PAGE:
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Establishing an Asking Price?

One of the first questions that are asked when business owners are considering the option of selling his or her business is “how much is it worth?” This is a great question that many techniques have been developed to answer. Some valuations are generated through a discounted cash-flow, others are generated through an EBITDA multiple, others are generated through a market value of all of the company’s assets. Lets take a look into each technique.

Discounted Cash-Flow (DCF): this is generated by using historical data and future expectations to generated a forecast of how much cash-flows the business will experience over a given time period—generally five to ten years. After the forecast is generated then a discount rate is used to give a present value of the future cash-flows. The discount rate is often one of the most controversial issues in a DCF valuation. The opinions about what rate is apply vary so widely that most analysts will always provide a different value.

EBITDA Multiples: Most use a multiple of, give or take, 4X EBITDA. The factors that determine whether to use a higher or less than multiple depend on the industry average and the factors within the particular business that would make it worth more or less. This method is often employed to avoid the use of so many variables the are included in a DCF.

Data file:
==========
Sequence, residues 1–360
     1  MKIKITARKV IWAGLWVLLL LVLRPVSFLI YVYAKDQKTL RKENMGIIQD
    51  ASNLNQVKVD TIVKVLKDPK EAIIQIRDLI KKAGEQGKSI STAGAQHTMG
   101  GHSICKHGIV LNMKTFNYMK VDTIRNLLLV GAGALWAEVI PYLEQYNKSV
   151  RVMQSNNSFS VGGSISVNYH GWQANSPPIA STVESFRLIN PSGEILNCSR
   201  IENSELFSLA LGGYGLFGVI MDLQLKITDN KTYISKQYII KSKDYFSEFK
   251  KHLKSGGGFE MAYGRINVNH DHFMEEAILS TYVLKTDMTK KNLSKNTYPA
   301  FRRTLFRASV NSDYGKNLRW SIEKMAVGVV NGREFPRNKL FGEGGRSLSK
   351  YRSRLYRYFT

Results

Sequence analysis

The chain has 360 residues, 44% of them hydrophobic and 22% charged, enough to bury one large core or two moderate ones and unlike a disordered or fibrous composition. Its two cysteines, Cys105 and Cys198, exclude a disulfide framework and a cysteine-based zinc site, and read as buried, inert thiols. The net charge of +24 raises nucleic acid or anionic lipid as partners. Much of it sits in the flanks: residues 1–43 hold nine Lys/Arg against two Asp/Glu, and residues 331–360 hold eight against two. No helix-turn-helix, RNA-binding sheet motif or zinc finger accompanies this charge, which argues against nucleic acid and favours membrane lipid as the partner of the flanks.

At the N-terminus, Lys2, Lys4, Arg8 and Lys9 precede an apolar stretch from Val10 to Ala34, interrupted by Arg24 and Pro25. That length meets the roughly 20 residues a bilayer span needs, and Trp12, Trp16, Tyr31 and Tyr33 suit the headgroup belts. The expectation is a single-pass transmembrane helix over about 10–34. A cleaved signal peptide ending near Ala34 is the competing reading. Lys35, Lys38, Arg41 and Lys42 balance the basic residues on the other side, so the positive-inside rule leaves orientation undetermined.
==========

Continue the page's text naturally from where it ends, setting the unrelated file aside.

Asset Valuation: This is the technique that is used to replace the value when the DCF and Multiples produce a value less than the market value of the assets. This is often the case when businesses just aren’t producing like they probably could be. This can also apply in industries, such as construction, that are so capital intensive that they just don’t offer a very good return for the dollar invested.

When all is said and done a business is valued the same way a pencil, car, picture frame, or any other object is valued. It is worth whatever the market is willing to pay for it. If an analyst performs a valuation and no one is willing to make an acquisition at that price then that is not what the company is worth. If an auction is put together on a business then all of the bidders will continue to push the price up till it reaches its true value.

This is why we highly recommend that you engage the experts as Deal Capital. We will give you a range that we believe your business will be able to sell for, but don’t stop there. We will work especially hard to ensure multiple buyers are brought to the bidding table to ensure that they push the asking price to the true market value of your company.

Troy Jenkins
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